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December 20, 2005

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Lions and tigers and. . .training packages

Forgettable training courses were fed to the lions at the launch of Working safely at London Zoo on 9 November.

More than 140 training professionals who work with companies and organisations all over the UK attended the launch.

Ringing the changes

Working safely has been a successful IOSH training course for more than 12 years, offering delegates a thorough grounding in the basics of health and safety training. In 2004, the IOSH marketing team within commercial affairs conducted market research among training providers to find out their views on the current versions of Working safely and Managing safely, the best selling IOSH programmes. The findings helped to shape the re-development of both packages, and Working safely was the first to undergo a transformation.

“The market research was a critical part of the re-design process.” Caroline Holden, IOSH director of commercial affairs said. “We wanted to involve training providers from the outset to make sure we reflected their opinions in the new course. The research data gave us the confidence to take such a radical approach with the re-design of Working safely, and to develop a more sophisticated and engaging course.”

The development team for the project included technical health and safety experts, a National Training Awards winner and other training professionals, graphic designers and animators, product development experts and editors. The green light was given to the new course after an extensive pilot scheme with training providers who had been involved in the research.

Keeping it simple

“Nothing has been taken away from the core content, but we have added topics such as the environment, violence and aggression and stress. The new course is based on training best practice — it’s about delegates and what they really need to know, so the learning is much more interactive, interesting and fun,” said Tracey Wright, marketing manager.

“Demystifying health and safety is definitely the right step forward, so we’ve removed the technical and legal jargon from the presentation and delegate workbook and developed a course that is refreshing and delegate-friendly,” Tracey commented.

The complete package

The course comprises five separate modules:

* introducing working safely;

* defining hazard and risk;

* identifying common hazards;

* improving safety performance;

* protecting our environment.

Sessions cover all the key areas including work traffic, fire, chemicals, electricity, physical and verbal abuse, bullying, stress, noise, slips, trips and falls and manual handling. Originally designed animated graphics engage delegates in the learning process and encourage debate about how to identify and manage hazards effectively.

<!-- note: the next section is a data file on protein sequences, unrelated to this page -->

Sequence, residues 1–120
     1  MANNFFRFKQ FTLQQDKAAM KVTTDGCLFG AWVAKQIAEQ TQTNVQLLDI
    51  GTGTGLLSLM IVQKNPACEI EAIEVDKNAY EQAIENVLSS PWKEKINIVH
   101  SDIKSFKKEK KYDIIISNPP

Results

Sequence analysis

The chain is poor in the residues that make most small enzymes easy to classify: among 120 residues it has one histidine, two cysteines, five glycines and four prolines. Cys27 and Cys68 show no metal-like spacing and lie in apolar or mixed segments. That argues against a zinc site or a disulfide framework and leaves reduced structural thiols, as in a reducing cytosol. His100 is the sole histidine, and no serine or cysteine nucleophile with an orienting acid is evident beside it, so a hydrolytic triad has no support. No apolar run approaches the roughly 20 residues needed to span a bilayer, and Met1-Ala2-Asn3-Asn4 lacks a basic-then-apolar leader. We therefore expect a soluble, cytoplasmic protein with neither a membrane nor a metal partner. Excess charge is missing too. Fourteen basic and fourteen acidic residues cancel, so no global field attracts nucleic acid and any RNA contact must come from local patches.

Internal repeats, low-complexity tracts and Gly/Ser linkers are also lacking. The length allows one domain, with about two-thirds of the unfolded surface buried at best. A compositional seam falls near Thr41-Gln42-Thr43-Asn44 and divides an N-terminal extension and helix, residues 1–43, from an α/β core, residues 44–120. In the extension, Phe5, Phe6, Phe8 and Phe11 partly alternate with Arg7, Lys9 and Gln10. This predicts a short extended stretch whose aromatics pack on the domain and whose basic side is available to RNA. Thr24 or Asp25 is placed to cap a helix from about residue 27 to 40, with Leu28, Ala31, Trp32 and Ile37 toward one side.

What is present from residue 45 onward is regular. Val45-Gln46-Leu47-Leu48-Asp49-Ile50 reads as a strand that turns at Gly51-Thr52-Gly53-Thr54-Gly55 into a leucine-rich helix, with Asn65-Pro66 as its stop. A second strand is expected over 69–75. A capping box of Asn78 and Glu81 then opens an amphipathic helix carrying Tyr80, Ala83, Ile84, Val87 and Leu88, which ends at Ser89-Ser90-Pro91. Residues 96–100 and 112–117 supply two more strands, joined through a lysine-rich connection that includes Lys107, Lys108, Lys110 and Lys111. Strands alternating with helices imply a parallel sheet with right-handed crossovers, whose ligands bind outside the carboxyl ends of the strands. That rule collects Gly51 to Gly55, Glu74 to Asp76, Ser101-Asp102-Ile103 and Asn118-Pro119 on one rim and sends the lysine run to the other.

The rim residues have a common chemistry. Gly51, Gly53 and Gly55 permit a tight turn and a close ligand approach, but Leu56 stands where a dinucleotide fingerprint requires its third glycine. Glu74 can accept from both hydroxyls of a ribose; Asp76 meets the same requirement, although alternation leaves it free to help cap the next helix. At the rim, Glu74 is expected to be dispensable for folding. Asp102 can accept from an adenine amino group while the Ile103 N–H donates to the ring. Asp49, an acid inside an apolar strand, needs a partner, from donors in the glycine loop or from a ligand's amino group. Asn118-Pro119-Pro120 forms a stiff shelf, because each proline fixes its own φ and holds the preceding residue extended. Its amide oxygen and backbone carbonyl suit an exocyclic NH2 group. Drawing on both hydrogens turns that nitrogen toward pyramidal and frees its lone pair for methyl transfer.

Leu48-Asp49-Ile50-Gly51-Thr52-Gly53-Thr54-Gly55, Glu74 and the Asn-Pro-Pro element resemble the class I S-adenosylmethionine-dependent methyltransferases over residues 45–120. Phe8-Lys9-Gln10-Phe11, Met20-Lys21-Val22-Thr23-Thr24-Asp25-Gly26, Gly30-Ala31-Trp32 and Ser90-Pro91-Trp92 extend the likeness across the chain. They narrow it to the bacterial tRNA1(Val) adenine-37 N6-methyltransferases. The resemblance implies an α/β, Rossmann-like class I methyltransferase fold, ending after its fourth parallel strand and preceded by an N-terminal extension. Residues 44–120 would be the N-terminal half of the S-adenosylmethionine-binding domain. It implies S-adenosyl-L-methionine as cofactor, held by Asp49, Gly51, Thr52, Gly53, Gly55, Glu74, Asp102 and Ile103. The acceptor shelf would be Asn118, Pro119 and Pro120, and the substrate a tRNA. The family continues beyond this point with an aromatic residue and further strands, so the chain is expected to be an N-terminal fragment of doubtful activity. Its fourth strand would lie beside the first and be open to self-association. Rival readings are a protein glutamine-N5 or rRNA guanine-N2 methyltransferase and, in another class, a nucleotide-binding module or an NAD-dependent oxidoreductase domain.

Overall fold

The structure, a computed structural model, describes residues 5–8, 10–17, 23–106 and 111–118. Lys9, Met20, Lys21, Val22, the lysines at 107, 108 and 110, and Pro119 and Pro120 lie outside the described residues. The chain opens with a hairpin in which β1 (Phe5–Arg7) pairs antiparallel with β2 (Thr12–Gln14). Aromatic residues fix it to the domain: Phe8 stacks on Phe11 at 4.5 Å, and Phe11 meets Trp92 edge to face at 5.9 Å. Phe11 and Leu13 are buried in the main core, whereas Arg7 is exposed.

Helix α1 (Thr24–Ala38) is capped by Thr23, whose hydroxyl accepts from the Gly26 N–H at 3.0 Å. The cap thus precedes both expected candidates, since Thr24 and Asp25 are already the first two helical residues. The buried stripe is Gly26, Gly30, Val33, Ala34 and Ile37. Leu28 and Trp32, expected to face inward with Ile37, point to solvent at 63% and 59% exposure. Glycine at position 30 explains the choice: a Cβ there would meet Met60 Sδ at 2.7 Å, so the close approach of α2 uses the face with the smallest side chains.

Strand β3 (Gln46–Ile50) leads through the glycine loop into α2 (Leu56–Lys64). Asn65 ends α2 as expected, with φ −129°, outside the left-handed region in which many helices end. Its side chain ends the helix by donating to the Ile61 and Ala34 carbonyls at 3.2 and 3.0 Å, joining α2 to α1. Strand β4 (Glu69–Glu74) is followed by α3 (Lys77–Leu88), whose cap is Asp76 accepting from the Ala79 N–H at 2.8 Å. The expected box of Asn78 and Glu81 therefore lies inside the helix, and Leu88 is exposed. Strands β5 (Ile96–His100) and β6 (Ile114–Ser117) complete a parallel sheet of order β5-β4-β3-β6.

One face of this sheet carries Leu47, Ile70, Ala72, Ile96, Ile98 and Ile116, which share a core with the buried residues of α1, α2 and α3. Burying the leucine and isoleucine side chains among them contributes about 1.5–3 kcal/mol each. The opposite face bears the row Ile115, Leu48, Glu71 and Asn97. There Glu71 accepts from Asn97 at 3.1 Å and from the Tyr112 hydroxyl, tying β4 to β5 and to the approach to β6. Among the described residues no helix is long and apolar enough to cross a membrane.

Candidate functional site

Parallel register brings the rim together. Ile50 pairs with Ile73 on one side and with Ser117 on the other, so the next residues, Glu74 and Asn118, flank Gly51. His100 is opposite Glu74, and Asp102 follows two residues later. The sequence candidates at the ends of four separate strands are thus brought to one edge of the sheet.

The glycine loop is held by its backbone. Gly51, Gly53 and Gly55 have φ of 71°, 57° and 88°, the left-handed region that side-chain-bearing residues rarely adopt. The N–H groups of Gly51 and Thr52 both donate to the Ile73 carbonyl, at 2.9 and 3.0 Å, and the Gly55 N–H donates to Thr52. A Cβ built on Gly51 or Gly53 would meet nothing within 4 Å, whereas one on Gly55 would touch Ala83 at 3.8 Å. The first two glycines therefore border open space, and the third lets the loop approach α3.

The course meets the government’s guidelines for introductory health and safety training and is 100 per cent compliant with the requirements of the HSE ‘passport’ syllabus. Delegates who successfully complete the written and practical assessments can choose between a certificate or a credit card-sized ‘passport’ card.

Right on course across the UK

Support for the revamped training course came from all areas. Lord Hunt of Kings Heath, minister for health and safety, congratulated IOSH in a letter to the then IOSH president Lawrence Waterman, saying: “The development of IOSH’s new Working safely course provides a vital step change in health and safety training. . .The interactive learning contained within the package will create a lasting impression on those people who attend the course and will be a key contributor to the objectives contained within the HSE’s 10 year strategy.” Lawrence Waterman called such an endorsement “extraordinary in the history of IOSH product launches.”

Hugh Robertson, speaking on behalf of the TUC, praised the course saying: “This package emphasises the importance of ownership of health and safety at all levels.”

The trainer’s perspective was given by Tony Cheesman from West Anglia Training Association, who was involved in the market research that led to the re-design. “IOSH is moving the quality standard forward,” he said, “let this be the first of many new courses.”

>When animals attack

Although no zoo residents interrupted the proceedings, one cuddly tiger was released at the event, as the raffle prize, paying homage to the ‘tiger in the cage’ of the old Working safely course.

A highlight of the speaker line-up was Chris Moon MBE, a former soldier who survived kidnap by Khmer Rouge guerrillas and lost an arm and a leg while working for a charity that clears landmines. He delivered an extraordinary speech reflecting on the importance of “healthy mental habits” and how organisations need to “create safe environments, get everybody to hit the ground running and take the lead” with health and safety.

“The positive reaction received today shows that by inspiring our training partners we can really make a difference to delegates.” Rob Strange added, “This really is a totally fresh take on health and safety training, and I think it shows exactly how we should continue to develop our courses in future. This course will be a significant contributor to IOSH’s strategy and vision.”

Click www.iosh.co.uk/enjoylearning to try out Working safely for yourself or call the training team on 0116 257 3152 to talk through your training needs.

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